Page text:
From the journal of Lita Hopkins
Charles has agreed to aid Professor Coyle with his book on early Christian monastic life and its lineage to the present. I am not sure if that is exactly it, but it is mostly about the first Christian communities. The Professor is full of knowledge and ideas, but needs help with some of the writing, and Charles being a first rate editor will be touring the mainland with him to become familiar with the material enough to assist in the writing. Charles is most enthusiastic about the project, which has brought him out of a low period he fell into these last few days. He says it should take about a month to visit the key sites, meanwhile I will stay here with the children and Nancy. Mr. Bramble and his “pirate” friend will stay to help us. Mr. Bramble said, “One paradise is much like another, and this has the best people.” And so is happy to stay on. We will be able to sail up to visit Mae on “Lola”.
I am worried about Charles, he has begun coughing again. He is so weak at times, but being a man strives not to give in or show any weakness. He was in bed two days after the sailing, and only fully recovered this morning. His lungs never recovered from being gassed during the war. I remember he was such a strapping and dashing fellow before the war. He seemed to have come out of it all strong and whole without deep harm, but in the last three years the war seems to have caught up with him. He wakes from nightmares sweating and moaning, but can’t tell me about what he was dreaming. He has become distant and locked in his mind. I believe he is ashamed of not being always strong, able to defeat his demons single handed. He blames himself for what the world has done to him. I wish I could wrap his shame in a bag and throw it in the sea.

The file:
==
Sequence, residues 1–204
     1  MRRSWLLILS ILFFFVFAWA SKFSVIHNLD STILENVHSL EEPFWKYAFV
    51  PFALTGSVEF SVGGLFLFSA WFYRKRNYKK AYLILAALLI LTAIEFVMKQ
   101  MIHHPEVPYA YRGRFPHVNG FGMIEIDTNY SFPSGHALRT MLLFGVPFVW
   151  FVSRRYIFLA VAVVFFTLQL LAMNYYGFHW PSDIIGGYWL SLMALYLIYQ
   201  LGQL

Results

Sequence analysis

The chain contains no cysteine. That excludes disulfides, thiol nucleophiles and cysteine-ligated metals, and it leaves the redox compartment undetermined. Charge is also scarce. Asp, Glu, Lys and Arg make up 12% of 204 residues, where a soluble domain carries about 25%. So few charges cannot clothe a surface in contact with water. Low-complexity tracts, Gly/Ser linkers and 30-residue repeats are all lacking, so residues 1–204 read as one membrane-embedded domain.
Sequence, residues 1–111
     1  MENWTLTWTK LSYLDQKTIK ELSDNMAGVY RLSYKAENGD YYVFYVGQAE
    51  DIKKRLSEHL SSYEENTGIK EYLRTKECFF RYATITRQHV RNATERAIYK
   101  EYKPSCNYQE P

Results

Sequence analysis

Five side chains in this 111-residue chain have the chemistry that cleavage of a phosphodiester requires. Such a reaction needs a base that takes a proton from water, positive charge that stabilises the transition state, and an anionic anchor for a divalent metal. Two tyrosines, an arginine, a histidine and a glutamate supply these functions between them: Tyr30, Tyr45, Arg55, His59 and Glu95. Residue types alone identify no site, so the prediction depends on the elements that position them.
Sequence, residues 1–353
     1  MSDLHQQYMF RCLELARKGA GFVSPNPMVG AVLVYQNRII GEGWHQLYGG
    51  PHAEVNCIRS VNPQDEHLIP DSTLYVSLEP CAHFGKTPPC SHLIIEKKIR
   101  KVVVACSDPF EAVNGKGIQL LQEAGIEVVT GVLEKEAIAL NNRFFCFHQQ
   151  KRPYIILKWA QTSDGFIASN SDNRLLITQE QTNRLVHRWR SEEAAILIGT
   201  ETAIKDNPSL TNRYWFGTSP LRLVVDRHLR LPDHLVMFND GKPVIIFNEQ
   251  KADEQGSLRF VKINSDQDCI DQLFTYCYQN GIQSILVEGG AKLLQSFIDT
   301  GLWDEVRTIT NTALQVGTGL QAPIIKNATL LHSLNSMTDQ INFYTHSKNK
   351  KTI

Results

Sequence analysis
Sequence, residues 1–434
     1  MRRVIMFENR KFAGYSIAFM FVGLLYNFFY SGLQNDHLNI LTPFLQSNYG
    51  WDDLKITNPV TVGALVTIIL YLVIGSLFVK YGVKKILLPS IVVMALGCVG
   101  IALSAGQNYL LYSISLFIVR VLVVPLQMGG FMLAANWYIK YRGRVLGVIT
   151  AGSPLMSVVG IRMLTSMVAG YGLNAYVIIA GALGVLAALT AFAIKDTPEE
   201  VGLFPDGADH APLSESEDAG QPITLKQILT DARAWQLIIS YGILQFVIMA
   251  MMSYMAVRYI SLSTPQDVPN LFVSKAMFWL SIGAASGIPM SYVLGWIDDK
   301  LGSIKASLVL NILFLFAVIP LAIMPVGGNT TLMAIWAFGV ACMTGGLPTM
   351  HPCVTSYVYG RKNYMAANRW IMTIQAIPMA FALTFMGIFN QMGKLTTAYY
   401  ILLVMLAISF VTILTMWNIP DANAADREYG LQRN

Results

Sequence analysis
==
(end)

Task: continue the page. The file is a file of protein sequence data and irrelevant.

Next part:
He will not talk to me about the war. I know many dark and terrible things happen in war to shatter men. Doctors glue them back together, but the cracks remain. I know Charles has considered ending his life, and that it is probably the children and myself which hold him in this world. And yet I think it is because he is often not strong enough to take charge of our lives that drives him into the darkness. I try my best to show him that I consider him a brave and shining example of a man and that no other companion will do for me. I am afraid that I alone cannot pull him out of this darkness into which he slips deeper daily. I hope that his work with Professor Coyle will excite his intellectual curiosity enough to distract him into the light. I fear most that I and children are a burden he cannot bear. I cannot let him read this. I do not know why I risk writing it besides the fact that I can tell no one and must release my anxieties or burst.
I have written to Hunter, hinting vaguely at some of the problems, and begging him to come when Charles has returned. He has a way of talking with Charles, and anyone else he meets, that makes one feel protected and able to talk of things that seem out of reach. If anyone can give Charles renewed hope and courage to face his life, it will be Hunter. I am ashamed to say that having Charles away and busy will be a relief to me. I will miss him no doubt, his gentle intelligence and good-natured appreciation of the world when he is not too burdened. I find it amazing that they could train such a gentle man to kill. War is an abominable enterprise and waste of good men. Even after twelve years it reaches its black hand to squeeze the life out of what should be happy times.